Why a Recession Won’t Happen in 2020

A little less than a month ago, investors were convinced that a recession was coming. Plenty of analysts, economists, and politicians parroted that sentiment.

Then, two weeks ago, things started to change when JP Morgan Chase and Co (NYSE: JPM) kicked off earnings season. The company beat EPS (earnings per share) estimates handily, and even upgraded its outlook for the next year. CEO Jamie Dimon said that American consumers were stronger than ever. More importantly, he commented that his company should continue to perform well despite rock-bottom rates – a condition that the banking industry almost unilaterally feared.

Over the next week, more corporations fell in behind JPM. By week’s end, 80% of the reporting S&P 500 companies surpassed analyst expectations.

Then, last Friday, “celebrity” analysts started to turn as well. Emerging markets legend Mark Mobius – famous for managing $50 billion in emerging markets portfolios at Franklin Templeton – said that a recession seemed highly unlikely, as he believes that Trump will win easily in 2020. With “The Donald” in the Oval Office, Mobius thinks corporations can finally relax.

Especially if Trump ends the trade war, which Mobius expects to happen next year.

So today, it’s no surprise that the S&P 500 hit a new all-time high. Bullish sentiment ran rampant this morning (as it should). Buoyed by strong earnings and trade war optimism, investors have plenty of reasons to feel confident about the future.

And it’s all thanks to the real driver of global growth:

The American consumer. Or, more specifically, how strong consumers appear to be.

It’s something that scores of corporations (not just JP Morgan) are acknowledging.

“I think the U.S. economy and the U.S. consumer is in pretty good shape,” said Capital One (NYSE: COF) CEO Richard Fairbank.

“Consumers are obviously benefiting from a strong labor market, rising wages, and last year’s tax cuts, all of which are driving up disposable incomes.”

Other leaders from the credit card industry feel the same way, like Visa (NYSE: V) Vice Chairman Vasant Prabhu.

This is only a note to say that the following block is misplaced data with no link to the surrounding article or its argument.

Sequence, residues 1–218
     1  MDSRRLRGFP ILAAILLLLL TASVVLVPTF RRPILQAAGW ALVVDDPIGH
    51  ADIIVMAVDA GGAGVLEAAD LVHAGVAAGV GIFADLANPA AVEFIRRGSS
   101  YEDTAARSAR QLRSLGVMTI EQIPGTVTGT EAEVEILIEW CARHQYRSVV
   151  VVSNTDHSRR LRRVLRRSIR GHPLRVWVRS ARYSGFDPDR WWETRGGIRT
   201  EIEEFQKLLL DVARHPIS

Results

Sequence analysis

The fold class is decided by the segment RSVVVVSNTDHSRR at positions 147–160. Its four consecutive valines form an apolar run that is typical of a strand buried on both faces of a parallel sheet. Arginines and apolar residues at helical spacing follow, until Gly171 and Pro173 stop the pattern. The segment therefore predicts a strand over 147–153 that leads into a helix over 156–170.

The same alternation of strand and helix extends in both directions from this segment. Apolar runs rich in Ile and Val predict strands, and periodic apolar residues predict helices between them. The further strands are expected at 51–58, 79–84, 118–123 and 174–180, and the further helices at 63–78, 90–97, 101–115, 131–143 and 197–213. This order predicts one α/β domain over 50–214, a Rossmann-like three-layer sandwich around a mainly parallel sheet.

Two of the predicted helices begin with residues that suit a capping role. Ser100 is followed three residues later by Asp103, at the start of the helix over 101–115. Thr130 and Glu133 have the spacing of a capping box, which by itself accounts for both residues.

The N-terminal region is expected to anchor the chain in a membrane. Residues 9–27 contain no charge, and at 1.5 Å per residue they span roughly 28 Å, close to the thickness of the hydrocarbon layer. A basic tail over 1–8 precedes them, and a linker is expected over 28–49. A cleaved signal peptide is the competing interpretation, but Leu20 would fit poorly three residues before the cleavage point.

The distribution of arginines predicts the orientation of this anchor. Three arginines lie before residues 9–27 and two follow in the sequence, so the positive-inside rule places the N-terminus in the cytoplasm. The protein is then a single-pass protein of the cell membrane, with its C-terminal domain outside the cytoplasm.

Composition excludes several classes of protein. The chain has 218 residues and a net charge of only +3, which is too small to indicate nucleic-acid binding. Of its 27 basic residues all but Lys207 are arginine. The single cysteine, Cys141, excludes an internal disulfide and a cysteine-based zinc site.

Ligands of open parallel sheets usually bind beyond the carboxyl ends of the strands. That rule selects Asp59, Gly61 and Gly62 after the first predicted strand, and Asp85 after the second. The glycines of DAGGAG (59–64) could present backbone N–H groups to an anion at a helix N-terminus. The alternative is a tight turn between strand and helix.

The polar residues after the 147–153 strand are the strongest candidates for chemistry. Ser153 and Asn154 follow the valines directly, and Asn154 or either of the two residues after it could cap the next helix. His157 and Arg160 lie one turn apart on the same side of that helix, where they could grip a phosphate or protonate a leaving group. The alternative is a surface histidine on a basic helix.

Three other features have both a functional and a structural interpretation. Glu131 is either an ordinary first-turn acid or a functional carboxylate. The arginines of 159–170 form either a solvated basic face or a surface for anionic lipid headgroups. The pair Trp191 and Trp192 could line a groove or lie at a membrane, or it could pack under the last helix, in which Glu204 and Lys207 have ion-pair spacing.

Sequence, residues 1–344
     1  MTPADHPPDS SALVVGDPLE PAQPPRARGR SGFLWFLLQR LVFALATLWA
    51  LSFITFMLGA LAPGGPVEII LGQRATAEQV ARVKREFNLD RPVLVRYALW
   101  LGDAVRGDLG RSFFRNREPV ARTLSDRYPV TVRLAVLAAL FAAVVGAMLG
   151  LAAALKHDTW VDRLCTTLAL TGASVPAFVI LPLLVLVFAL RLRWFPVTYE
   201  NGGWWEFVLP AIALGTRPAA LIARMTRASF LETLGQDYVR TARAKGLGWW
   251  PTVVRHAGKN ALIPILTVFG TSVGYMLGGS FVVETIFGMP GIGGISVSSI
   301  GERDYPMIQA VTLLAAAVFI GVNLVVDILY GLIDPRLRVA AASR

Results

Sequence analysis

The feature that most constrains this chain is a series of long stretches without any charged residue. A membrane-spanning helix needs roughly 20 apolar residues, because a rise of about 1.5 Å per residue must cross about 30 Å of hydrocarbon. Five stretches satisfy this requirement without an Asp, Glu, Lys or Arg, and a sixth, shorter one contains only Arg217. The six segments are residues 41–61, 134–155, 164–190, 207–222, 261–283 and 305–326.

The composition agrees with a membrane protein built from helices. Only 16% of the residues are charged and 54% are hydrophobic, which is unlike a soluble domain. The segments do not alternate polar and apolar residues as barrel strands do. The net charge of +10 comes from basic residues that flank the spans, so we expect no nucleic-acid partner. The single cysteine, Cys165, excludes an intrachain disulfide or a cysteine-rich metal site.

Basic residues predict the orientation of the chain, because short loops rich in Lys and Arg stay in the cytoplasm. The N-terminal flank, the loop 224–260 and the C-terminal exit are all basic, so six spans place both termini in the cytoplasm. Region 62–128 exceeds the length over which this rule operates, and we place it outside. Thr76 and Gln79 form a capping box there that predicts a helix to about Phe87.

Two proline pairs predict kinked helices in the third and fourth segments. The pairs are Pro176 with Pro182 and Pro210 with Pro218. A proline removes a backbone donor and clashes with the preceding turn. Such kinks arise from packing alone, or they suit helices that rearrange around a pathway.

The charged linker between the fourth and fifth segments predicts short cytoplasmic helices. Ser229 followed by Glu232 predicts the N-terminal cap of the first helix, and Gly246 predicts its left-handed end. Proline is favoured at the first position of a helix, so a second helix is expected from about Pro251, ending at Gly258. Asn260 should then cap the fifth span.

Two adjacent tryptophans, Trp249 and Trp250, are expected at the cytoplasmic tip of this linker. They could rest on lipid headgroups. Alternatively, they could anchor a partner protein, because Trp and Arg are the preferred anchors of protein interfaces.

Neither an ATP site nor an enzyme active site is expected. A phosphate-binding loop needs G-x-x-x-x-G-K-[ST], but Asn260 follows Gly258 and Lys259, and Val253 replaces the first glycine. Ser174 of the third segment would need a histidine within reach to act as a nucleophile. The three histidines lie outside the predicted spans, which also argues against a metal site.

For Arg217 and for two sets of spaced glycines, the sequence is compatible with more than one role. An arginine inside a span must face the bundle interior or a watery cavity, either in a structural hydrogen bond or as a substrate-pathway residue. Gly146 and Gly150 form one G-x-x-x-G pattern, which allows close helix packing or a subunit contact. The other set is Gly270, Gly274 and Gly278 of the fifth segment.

“From the numbers we reported for the last two quarters, you can see that growth trends of all our key business drivers, payments volumes, processed transaction, and cross-border volume have been stable […] Our outlook assumes that the trend have been in place for the past couple of quarters, continue through fiscal year 2020,” Prabhu said.

Even homebuilders are feeling the love.

“I know there is a lot of questions about upcoming potential recession and things like that. Our customers don’t seem to be viewing it that way. And I think that the housing market, in general, seems solid and strong and continuing to improve,” remarked Lennar (NYSE: LEN) CEO Stuart Miller.

Now, that’s not to say that everyone is on board with the bullish shift. As is typical, some companies fell short of analyst estimates last quarter. Most of them saw poor revenues as evidence of a slowdown, and a few are preparing for a worse-than-expected Q4.

“We’ve seen a slowdown start in the second quarter and continue to the third quarter, and likely will continue for at least a portion of the fourth quarter,” said Donald Allan, CEO of Stanley Black & Decker (NYSE: SWK).

However, that kind of guidance has been few and far between. Illinois Tool Works (NYSE: ITW), a company that experienced Q3 struggles, still expects a positive Q4.

“We did see a modest slowdown, particularly on the CAPEX side here in Q3,” said ITW’s CEO Michael Larsen.

“When we look at the underlying activity in these businesses and the order rates, they’re actually looking pretty good heading into Q4. […] The remaining segments are pretty stable.”

And though it might be easy to get caught up in the “no recession” excitement, there still may be reason to remain cautious.

Because if the ongoing trade talks fail (again), the market could easily retrace its October gains. Don’t forget; we’ve been through this before – the U.S. and China have made “micro agreements” time and time again, only for things to get worse.

The most recent (partial) trade deal hasn’t even been finalized yet. Until the Chinese Communist Party signs the dotted line, it might make sense to keep the champagne on ice.

“Popping the cork” too soon could lead to significant losses down the road. On the other hand, if the U.S. economy keeps showing signs of strength, it might end up reaching “exit velocity”, meaning that even another trade war setback wouldn’t derail the next bull run.

Provided, of course, that Trump continues to lead the 2020 polls – something that the corporations need to see if they’re going to chase aggressive growth.


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